With a decline in hollow-bearing trees across the shire, there's high demand for a cosy nest among our native birds and animals.
Eurobodalla's residents often go to great effort to create wildlife havens in their backyards; growing native plants and providing water for birds and ponds for frogs. Now they're providing animals and birds with new homes too.
About two dozen nature lovers rolled up to a nestbox-building workshop hosted by Eurobodalla Shire Council earlier this month.
The result was 20 new nesting boxes, perfectly suited for local kookaburras, rosellas and gliders.
Council's environmental officer Emma Patyus said the workshop was held on a cold and windy day.
"It was a good reminder of how important these nestboxes will be in providing animals and birds protection from the elements when natural hollows are in short supply," she said.
The workshop was led by Susan Rhind and Murray Ellis. Between them the couple have 60 years of professional experience in nestbox construction and placement.
Ms Patyus said participants went home with their nestbox and solid knowledge on how to hang it.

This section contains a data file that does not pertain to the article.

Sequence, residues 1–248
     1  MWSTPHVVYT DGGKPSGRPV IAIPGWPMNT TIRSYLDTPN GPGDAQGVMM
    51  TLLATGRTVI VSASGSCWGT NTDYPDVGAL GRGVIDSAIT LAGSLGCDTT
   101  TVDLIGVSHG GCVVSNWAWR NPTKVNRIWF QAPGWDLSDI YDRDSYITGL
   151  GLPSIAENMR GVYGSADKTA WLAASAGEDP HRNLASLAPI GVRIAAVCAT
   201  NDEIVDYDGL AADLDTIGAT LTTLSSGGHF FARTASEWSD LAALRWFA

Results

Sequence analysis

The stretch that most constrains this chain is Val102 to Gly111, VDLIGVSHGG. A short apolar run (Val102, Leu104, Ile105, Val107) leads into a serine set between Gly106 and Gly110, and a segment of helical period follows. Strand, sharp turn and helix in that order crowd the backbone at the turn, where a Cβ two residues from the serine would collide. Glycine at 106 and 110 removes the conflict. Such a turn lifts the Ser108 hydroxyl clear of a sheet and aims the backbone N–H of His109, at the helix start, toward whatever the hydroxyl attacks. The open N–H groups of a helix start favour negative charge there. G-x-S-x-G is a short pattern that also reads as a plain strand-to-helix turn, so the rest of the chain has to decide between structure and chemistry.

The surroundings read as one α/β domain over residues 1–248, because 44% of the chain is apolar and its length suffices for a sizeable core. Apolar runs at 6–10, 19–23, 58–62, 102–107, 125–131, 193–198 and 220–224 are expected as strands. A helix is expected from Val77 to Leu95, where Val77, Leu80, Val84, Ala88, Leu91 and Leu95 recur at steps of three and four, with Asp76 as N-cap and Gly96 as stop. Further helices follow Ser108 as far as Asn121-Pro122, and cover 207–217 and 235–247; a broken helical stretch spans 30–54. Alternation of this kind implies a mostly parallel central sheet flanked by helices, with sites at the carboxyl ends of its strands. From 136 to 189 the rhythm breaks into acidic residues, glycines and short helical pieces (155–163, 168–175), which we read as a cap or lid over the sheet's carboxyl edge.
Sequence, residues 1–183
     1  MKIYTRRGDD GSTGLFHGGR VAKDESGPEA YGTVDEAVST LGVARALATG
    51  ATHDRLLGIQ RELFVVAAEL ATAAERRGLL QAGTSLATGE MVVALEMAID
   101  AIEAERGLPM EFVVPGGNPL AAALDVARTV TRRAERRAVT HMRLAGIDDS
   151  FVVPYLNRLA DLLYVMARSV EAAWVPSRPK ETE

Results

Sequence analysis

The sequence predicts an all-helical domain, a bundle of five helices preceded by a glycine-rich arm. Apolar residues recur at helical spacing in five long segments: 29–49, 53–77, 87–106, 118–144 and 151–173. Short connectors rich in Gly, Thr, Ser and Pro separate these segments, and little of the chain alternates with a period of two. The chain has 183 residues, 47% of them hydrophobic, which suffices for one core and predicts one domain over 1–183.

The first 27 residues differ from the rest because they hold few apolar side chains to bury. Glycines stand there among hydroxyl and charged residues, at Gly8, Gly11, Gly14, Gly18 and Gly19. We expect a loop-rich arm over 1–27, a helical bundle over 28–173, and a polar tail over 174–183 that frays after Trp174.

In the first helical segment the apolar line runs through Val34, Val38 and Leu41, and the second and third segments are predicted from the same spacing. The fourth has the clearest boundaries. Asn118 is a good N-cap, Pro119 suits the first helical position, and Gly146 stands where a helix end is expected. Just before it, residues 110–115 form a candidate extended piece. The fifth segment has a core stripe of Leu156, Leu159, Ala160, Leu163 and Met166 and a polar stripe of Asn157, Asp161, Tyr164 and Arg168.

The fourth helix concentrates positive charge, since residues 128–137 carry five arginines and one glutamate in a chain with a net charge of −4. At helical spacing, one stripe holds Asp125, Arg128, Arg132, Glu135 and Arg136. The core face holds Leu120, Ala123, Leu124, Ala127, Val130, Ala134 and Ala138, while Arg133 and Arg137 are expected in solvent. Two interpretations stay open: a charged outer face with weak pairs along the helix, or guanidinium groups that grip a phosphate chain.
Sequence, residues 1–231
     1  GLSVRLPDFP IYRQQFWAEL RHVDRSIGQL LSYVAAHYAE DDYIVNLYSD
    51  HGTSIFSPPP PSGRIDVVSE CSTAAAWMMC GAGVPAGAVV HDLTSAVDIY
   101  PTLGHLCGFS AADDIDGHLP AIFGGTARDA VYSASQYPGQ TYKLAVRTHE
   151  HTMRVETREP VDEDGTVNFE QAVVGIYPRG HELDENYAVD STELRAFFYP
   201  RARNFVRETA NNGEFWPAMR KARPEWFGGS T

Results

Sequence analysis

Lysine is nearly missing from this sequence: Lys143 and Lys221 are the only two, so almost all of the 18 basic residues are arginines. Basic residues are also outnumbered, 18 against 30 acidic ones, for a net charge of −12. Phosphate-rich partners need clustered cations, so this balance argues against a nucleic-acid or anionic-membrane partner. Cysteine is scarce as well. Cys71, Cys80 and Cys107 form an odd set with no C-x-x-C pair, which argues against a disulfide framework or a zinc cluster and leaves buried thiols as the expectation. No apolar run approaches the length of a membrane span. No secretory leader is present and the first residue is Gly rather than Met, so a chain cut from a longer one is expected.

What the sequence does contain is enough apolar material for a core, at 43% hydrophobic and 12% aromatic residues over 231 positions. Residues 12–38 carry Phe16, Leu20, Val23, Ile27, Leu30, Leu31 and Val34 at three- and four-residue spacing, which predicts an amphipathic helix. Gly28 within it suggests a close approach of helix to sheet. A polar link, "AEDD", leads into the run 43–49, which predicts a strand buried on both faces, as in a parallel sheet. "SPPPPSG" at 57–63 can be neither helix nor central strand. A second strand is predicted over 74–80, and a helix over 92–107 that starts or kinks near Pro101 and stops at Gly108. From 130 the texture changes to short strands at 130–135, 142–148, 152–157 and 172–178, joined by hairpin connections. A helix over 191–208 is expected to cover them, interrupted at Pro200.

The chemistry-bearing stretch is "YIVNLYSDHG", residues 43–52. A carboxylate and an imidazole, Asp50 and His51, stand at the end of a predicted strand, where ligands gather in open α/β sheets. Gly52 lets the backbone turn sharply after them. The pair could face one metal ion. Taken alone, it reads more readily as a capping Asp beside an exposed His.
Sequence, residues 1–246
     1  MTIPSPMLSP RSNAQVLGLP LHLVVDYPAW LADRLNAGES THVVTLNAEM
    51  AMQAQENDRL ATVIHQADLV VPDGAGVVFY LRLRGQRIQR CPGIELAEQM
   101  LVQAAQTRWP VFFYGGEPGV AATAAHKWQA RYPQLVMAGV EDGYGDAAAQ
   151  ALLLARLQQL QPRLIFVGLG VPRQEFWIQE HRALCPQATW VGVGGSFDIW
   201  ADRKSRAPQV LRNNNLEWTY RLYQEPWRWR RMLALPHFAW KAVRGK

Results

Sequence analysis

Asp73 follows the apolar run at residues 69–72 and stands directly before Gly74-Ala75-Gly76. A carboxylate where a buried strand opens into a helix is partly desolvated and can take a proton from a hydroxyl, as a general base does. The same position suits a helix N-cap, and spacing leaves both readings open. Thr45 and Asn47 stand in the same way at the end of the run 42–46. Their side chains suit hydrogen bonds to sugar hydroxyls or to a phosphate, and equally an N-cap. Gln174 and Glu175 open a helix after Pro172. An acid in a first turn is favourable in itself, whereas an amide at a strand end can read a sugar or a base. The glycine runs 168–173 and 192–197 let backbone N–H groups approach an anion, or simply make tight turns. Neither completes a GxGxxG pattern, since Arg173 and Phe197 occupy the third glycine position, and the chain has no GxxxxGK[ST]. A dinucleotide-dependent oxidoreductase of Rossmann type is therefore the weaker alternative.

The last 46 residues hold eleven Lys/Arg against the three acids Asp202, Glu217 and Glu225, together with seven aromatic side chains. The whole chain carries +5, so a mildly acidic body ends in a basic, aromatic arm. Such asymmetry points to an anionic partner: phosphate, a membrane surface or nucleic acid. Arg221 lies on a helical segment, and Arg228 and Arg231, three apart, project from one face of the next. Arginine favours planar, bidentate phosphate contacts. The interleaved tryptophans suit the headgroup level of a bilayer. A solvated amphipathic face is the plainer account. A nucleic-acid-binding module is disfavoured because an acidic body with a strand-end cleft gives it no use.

"The type of nestbox made by each attendee was species specific for location and environment," Ms Patyus said.
"For instance, for Broulee we made up protective new homes for feather-tail gliders, given recent reports of their being caught and killed by domestic cats in that suburb."
The workshop was only possible thanks to generous work done by the Eurobodalla Woodies who volunteered their time and expertise to pre-cut all of the materials and provided many helping hands during the workshop itself. Ms Patyus said there was a clear demand for these types of activities.
"We have a waiting list and huge interest from community and Landcare groups," she said. "It's terrific to see the shire's younger generation keen to get behind projects like this."
To find out more about building and using nesting boxes, visit https://www.wires.org.au/wildlife-info/wildlife-factsheets/Wildlife-Nest-Boxes-LLS.pdf.